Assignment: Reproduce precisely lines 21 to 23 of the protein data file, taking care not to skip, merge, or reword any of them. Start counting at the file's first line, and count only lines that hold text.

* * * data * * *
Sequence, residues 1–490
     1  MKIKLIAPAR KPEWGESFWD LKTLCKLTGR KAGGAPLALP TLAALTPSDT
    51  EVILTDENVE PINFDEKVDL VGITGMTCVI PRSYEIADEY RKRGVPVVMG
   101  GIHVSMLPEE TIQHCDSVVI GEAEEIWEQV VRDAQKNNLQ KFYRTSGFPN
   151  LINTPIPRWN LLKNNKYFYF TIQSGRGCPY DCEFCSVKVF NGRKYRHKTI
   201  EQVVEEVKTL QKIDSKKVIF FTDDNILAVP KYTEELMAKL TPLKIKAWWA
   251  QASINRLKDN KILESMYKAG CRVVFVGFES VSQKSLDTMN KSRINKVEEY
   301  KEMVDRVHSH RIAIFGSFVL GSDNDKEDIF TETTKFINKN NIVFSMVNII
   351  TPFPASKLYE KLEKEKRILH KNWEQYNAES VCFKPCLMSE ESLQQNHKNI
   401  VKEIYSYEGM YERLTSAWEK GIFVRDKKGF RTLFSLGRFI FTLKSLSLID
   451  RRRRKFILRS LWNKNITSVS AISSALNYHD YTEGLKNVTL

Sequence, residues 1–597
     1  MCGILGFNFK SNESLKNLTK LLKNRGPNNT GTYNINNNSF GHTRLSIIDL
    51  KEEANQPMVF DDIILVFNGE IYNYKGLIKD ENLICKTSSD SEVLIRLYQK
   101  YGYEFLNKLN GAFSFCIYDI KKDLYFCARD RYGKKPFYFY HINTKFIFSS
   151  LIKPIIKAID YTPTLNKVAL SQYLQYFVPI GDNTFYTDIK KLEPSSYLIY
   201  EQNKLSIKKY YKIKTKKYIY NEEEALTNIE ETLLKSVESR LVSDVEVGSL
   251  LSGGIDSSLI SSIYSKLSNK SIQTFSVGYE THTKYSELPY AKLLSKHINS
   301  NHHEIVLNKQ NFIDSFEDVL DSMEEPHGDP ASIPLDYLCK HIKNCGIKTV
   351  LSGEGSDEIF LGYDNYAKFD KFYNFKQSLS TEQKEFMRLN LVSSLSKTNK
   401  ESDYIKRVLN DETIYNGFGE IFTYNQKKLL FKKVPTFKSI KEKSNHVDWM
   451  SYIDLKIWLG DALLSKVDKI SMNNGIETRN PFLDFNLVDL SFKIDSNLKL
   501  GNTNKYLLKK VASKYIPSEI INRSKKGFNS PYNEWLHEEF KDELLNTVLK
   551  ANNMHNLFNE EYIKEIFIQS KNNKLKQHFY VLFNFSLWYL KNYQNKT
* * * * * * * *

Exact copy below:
   401  ESDYIKRVLN DETIYNGFGE IFTYNQKKLL FKKVPTFKSI KEKSNHVDWM
   451  SYIDLKIWLG DALLSKVDKI SMNNGIETRN PFLDFNLVDL SFKIDSNLKL
   501  GNTNKYLLKK VASKYIPSEI INRSKKGFNS PYNEWLHEEF KDELLNTVLK